Commerce DefinitionEdit

To prove a prima facie case it is required that the defendant’s actions were “in or affecting commerce.”[36] Under the North Carolina statute a plaintiff must prove this element first before the question of whether an act was unfair or deceptive even arises.[37] A plaintiff can prove that an act was “in or affecting commerce” by demonstrating that the parties were “engaged in an activity involving an exchange of some type in which a participant could be characterized as a seller.”[38] However, the activity need only to “surround or affect a sale,” it does not need to meet a stricter standard of “inducing a sale.”[39]

In its broadest sense, commerce includes “intercourse for the purposes of trade in any form.”[40] The commerce definition “is intended to include all types of business activities,” but “does not apply to all wrongs in a business setting.”[41] When determining if the commerce definition is met, the “proper inquiry is not whether a contractual relationship existed between the parties, but rather whether the defendants’ allegedly deceptive acts affected commerce.”[42] Furthermore, there is no requirement of a contractual relationship between the parties.[43]

Causal RequirementEdit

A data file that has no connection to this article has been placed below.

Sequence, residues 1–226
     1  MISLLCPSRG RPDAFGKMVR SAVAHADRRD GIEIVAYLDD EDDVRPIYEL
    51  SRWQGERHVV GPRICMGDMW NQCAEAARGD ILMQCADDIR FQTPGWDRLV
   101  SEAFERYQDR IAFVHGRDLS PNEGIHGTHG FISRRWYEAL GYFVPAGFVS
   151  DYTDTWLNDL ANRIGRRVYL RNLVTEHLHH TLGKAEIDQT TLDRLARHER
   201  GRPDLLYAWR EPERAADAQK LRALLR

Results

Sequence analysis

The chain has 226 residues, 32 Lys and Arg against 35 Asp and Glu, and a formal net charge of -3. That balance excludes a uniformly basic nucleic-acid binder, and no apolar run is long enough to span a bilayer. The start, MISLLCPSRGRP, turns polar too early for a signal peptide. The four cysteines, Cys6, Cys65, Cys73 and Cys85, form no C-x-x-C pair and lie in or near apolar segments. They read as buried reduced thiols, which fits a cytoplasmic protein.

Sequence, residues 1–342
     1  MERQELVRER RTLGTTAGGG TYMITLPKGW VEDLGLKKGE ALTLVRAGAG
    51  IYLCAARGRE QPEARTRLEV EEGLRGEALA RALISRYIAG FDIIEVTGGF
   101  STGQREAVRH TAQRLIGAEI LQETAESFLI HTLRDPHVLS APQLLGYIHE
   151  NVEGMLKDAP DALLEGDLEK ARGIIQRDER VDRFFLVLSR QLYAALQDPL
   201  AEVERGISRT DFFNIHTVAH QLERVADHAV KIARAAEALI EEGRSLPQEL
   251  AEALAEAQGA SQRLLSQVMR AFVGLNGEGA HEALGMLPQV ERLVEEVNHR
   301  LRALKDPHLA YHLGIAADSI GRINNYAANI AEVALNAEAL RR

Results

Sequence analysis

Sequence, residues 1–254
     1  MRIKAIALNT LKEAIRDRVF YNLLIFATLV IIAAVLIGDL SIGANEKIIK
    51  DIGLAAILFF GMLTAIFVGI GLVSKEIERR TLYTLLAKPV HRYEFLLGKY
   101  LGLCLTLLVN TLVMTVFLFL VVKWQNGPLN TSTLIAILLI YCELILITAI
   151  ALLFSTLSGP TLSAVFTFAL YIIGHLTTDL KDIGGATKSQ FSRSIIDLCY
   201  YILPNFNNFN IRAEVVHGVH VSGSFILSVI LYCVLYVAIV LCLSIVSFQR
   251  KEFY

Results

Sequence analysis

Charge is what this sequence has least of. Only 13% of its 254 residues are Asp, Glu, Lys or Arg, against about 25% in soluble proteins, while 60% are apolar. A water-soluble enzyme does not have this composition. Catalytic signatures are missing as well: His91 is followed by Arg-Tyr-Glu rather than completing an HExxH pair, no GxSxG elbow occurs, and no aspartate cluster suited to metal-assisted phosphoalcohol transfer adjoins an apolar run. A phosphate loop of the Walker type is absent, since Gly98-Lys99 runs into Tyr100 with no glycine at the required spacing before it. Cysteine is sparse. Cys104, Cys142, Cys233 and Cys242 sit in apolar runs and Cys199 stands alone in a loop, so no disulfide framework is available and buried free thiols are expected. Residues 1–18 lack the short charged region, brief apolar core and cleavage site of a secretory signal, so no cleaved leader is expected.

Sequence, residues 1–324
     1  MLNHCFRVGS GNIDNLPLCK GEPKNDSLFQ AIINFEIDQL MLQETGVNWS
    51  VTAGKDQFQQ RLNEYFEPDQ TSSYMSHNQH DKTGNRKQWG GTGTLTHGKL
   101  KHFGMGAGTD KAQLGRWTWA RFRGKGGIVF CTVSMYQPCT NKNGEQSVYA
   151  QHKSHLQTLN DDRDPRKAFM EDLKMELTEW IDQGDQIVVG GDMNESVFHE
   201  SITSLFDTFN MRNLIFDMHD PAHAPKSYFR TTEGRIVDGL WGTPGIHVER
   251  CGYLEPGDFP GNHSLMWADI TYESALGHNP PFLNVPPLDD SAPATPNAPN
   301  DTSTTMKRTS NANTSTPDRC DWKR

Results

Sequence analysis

A claimant must prove that a defendant’s unfair or deceptive acts were the cause of the injuries the claimant incurred. Proof of actual injuries can include: loss of the use of specific and unique property, the loss of any appreciated value of property, and other elements of damage shown by plaintiff’s evidence.[44] Reliance on the defendant’s unfair or deceptive act is not necessary to show that the defendant was the proximate cause of the plaintiff’s injuries. It is important to note though, that no cases have permitted recovery without reliance.[45] However, when a plaintiff’s reliance is the causal link between violative conduct and the damages he has occurred, the reliance need not be “reasonable.”[46] An exception to the no reliance requirement is when an unfair or deceptive claim is based upon an alleged misrepresentation by a defendant. The plaintiff must show actual reliance on the alleged misrepresentation in order to establish that the alleged misrepresentation proximately caused plaintiff’s injury.